House Intelligence panel says US should’ve spied on Chinese health officials in early days of pandemic
The U.S. should have ramped up its espionage efforts in the early days of the COVID-19 pandemic to get a better understanding of the virus, Democrats on the House Intelligence Committee argue in a new report.
The lack of clandestine intelligence collection as the virus appeared in late 2019 and early 2020 indicates the U.S. intelligence community’s “overall lack of preparedness to face an emerging pandemic,” reads the report, which is riddled with redactions.
In early January 2020, the U.S. intelligence community was aware of the virus but hadn’t yet had time “or the level of concern” to wield its clandestine capabilities to learn more about the virus.
“The IC [intelligence community] must improve its performance in analyzing vast volumes of data … to spot unusual trends in health activity indicative of a disease that is either undetected by or concealed by public health authorities,” the report continues.
Committee Chairman Adam Schiff (D-Calif.) said in his introduction to report that “in 2020, the intelligence community was not well positioned or prepared to provide early warning and unique insights on the pandemic.”
The report also confirms that the intelligence community was “providing clear and consistent warning about a potential pandemic” in January and February of 2020, well before former President Trump formally declared a national emergency in mid-March and just weeks after the virus was reported in China in late 2019.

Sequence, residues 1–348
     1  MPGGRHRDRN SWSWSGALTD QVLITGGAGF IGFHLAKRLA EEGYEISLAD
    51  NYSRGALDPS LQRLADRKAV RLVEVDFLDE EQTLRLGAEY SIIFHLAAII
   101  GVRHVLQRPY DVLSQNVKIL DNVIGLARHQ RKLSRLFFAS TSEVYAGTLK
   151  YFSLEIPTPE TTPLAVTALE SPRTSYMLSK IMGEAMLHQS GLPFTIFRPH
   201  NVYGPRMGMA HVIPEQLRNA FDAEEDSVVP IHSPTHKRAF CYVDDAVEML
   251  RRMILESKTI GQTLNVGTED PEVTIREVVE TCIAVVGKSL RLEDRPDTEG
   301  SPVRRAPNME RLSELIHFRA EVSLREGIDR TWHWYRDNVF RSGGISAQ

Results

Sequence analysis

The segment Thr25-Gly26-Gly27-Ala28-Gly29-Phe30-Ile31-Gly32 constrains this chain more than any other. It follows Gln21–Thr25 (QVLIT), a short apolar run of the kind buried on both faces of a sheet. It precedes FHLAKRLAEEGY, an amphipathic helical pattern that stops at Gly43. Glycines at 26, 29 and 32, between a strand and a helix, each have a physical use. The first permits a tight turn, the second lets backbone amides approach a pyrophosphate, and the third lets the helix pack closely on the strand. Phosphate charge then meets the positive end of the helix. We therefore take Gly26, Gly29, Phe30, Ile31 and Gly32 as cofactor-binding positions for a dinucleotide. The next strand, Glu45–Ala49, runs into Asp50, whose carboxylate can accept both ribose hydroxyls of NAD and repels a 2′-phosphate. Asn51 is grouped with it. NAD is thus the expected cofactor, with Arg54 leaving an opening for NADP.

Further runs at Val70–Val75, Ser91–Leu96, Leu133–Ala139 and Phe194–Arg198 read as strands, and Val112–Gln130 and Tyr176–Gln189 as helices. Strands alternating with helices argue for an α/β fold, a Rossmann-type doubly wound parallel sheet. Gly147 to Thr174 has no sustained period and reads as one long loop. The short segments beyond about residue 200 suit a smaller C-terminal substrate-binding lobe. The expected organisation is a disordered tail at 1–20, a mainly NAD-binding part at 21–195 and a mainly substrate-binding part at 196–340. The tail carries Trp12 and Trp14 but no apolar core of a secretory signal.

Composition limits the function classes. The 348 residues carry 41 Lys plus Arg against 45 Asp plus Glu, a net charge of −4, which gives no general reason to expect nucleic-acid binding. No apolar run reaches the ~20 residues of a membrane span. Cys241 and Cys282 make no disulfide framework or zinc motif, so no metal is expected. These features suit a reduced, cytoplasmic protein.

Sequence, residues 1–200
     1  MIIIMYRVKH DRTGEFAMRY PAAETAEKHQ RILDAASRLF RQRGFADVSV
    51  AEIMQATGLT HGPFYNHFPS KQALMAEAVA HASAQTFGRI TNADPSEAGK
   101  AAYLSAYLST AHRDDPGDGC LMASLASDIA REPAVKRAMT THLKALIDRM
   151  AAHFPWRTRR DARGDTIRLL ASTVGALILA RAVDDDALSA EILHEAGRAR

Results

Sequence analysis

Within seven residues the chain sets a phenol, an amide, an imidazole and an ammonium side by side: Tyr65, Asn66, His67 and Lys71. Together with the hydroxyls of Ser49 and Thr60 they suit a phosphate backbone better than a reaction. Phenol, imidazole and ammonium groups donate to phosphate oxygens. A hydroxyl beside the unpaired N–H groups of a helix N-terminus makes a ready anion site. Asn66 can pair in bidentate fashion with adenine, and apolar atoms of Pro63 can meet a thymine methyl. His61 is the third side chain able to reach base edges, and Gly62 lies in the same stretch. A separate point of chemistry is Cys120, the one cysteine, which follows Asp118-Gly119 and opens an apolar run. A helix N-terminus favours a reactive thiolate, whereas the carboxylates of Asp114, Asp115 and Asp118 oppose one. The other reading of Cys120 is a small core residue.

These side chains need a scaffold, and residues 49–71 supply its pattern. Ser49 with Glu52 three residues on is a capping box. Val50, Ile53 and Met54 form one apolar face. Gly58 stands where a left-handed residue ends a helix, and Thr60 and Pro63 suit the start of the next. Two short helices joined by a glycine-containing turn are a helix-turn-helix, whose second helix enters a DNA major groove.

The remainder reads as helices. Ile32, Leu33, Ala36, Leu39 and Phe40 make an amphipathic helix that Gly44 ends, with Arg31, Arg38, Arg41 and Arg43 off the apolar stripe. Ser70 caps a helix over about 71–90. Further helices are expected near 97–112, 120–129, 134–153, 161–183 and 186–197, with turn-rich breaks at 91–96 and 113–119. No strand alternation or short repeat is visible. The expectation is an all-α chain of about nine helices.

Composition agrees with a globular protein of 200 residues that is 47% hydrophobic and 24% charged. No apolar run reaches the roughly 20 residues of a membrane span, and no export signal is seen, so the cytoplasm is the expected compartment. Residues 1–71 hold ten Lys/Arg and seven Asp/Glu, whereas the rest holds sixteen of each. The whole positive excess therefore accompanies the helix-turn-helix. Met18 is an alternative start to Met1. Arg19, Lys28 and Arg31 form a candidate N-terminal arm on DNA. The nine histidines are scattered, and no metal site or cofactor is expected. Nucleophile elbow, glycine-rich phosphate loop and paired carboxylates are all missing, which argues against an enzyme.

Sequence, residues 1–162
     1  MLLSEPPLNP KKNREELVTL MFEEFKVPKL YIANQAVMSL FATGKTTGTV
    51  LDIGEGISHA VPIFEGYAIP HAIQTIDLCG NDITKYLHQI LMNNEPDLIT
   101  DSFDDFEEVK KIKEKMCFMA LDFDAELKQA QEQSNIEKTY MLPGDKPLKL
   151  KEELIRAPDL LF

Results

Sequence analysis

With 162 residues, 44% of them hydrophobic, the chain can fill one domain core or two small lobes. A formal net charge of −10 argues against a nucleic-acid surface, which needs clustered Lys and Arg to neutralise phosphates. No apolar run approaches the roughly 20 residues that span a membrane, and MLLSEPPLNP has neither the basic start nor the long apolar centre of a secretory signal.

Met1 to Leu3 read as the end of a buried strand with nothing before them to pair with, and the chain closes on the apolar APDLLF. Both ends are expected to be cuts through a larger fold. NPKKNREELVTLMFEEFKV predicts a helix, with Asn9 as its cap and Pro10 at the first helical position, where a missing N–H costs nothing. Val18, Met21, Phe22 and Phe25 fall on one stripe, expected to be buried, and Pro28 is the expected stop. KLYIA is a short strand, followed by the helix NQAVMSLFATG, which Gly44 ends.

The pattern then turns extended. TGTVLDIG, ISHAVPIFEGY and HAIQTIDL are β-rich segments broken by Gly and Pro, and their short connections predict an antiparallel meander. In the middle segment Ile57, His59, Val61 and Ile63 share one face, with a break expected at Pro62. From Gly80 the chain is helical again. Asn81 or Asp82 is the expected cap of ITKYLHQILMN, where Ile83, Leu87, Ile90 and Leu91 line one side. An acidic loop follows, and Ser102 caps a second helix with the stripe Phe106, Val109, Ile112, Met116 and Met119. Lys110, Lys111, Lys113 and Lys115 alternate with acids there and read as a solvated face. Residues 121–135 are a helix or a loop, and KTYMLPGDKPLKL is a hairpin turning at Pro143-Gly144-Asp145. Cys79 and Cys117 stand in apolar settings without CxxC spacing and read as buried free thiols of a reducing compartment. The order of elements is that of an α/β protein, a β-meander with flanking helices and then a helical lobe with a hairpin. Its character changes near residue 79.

“The former president’s statements that the IC described the virus in ‘a very nonthreatening’ way ‘simply does not match the record of intelligence analysis published in late January and February,’” Schiff said.
Schiff also notes that some advisers tried to convince Trump that the pandemic would be “a really big thing” and that the former president’s daily briefings in February repeatedly indicated the severity of the virus.
“The disconnect between the White House messaging on the growing crisis, and what the IC was saying behind the scenes was a significant failure. … That failure to effectively inform the public in the early days contributed to a loss of credibility that only grew over time,” the report reads.
The lawmakers concluded that the government couldn’t have kept COVID-19 from entering the U.S., but that it could have “better prepared” with earlier warnings and if the Trump administration had heeded the warnings that did eventually come in.
The report further argues that the U.S. intelligence community should better prioritize health and medical intelligence and view related threats as real national security issues — especially since more pandemics are expected in the coming decades.
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